Dell Latitude E5450 vs. Dell Latitude E5470

I recently upgraded my office laptop from a Dell Latitude E5450 to a Dell Latitude E5470 – two laptops which appear to be very similar from the outside and don’t differ so much. There are quite a few minor things though that made me go for the upgrade. And please be reminded that I always only buy second hand hardware, unless we’re talking about iPads or iPhones. Consequently, my “new” E5470 is a used laptop that I managed to buy via eBay after a longer search for a good deal and the right CPU.

E5450 vs E5470
The Dell Latitude E5450 (left) vs E5470 (right)

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Upgrading from a Dell Latitude E6430 to an E5450

Dell Latitude E5450 vs E6430
Dell Latitude E5450 vs E6430

My Dell Latitude E6430 has a great performance, has enough room for an extra SSD, has never let me down during the last two years and came as a refurbished, 1yr-old laptop from a dealer in the UK. It also shares the same birthday (date) with me and is just a very, very solid workhorse. The keyboard is great, it has extra keys for volume control, the touchpad does support two-finger scrolls, it has a very durable frame and to clean the vent, I just need to remove 5 screws. Even it’s bulky size and waste of space (= 14″ laptop in the body of a 15″ machine) are okay in the end. I don’t care about that extra inch or the weight. I am a tall person and small laptops look stupid on me. Continue reading “Upgrading from a Dell Latitude E6430 to an E5450”

s/HP/Dell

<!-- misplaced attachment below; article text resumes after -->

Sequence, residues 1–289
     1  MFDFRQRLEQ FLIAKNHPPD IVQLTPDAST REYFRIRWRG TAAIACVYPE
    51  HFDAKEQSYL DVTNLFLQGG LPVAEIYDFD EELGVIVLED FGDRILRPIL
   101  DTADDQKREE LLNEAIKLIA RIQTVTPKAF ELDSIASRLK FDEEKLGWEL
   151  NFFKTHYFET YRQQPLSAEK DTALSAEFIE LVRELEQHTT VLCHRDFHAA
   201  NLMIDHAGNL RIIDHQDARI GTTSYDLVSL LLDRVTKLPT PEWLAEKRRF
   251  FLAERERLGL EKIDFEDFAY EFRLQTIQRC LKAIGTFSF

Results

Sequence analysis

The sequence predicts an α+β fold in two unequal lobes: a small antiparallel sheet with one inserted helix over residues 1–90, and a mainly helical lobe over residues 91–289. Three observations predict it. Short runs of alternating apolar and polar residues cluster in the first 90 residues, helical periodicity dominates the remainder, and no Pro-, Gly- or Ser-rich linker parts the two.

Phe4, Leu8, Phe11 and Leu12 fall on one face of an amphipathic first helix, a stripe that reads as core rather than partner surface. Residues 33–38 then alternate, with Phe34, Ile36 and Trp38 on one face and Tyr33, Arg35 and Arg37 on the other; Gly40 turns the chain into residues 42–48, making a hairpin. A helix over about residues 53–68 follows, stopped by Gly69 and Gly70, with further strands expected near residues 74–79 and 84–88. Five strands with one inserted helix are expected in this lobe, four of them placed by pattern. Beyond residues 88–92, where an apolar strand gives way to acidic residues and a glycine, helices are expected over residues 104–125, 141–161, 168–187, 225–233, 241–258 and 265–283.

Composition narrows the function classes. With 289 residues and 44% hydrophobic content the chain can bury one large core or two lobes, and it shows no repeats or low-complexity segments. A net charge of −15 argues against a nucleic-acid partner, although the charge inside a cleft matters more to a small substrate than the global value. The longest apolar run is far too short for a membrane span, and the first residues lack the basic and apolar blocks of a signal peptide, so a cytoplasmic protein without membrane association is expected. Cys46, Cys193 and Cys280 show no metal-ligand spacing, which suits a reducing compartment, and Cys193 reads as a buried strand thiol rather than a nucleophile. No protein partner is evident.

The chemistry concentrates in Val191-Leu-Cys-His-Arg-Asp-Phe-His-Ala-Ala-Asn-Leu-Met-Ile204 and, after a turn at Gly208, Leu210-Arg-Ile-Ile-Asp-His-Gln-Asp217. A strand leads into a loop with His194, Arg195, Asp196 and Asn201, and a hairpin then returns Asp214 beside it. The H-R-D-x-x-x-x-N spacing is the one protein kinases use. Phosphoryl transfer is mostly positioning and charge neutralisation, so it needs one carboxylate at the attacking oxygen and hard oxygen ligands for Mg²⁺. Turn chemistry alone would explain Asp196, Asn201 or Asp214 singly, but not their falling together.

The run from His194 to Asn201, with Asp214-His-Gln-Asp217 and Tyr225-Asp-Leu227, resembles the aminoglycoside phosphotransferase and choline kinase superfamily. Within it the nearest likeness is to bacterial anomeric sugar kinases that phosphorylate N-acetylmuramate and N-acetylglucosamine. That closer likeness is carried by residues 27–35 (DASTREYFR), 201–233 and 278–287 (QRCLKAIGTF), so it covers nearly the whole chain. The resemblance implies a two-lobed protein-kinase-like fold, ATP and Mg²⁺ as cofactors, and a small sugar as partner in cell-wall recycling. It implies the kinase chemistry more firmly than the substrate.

I have recently upgraded my main computer from an HP EliteBook 6930p to a Dell Latitude E6430. After 7 years of using HP business laptops, the transition to the Dell range is a welcome change. Here’s why:

1. LED screen
Both machines are 14.1″ laptops with a slightly higher screen resolution than the usual (and rather horrible) 1366x768px. While the HP is from 2009 and still came with a 1440x900px screen, this new Dell laptop has 1600×900. A lot of programmers / web workers actually prefer higher screen resolutions, and I meanwhile also, but in the beginning the tiny font was a problem. Since I usually only go for business laptops with docking stations, my main screen is an external 22″ monitor at 1680×1050 – so this screen issue is secondary to me.

What matters though is the illumination technology – which is based on cold-cathode fluorescent lamps (CCFL) on my old HP. As mentioned in my 2009 review of the HP 6930p vs. the Dell E6400, even the E6400 already had a nice LED screen, just as about half of all Lenovo T400 laptops sold. Of the 6930p sold since 2008/2009, most models only came with the CCFL version – and the few available LEDs only had a WXGA / 12800×800 resolution. It is only recently that someone came up with a hack to install a WXGA+ (1440×900) LED screen from a Lenovo T410 into an HP 6930p. I once thought about doing this hack and already bought the cables, but such 14.1″ LED screens usually sell for ~ 140 EUR alone. These days, second hand 6930p laptops sell for around 200 EUR, so any such investment would be rather stupid.

New laptop, new screen, issue solved.

The bitter truth may be that I should have picked a 14.1″ laptop with a WXGA+ LED screen in 2009 (e.g. the E6400 or the T400). The WXGA++ LED screen on the E6430 is an instant LIKE (even though the CCFL version had better colours).

It seems there are no 14.1″ laptops with really good screens. It’s either 12.5″ (Lenovo), 13.3″ (Apple) or 15.x”/17.x” if you’re interested in something like IPS panels.

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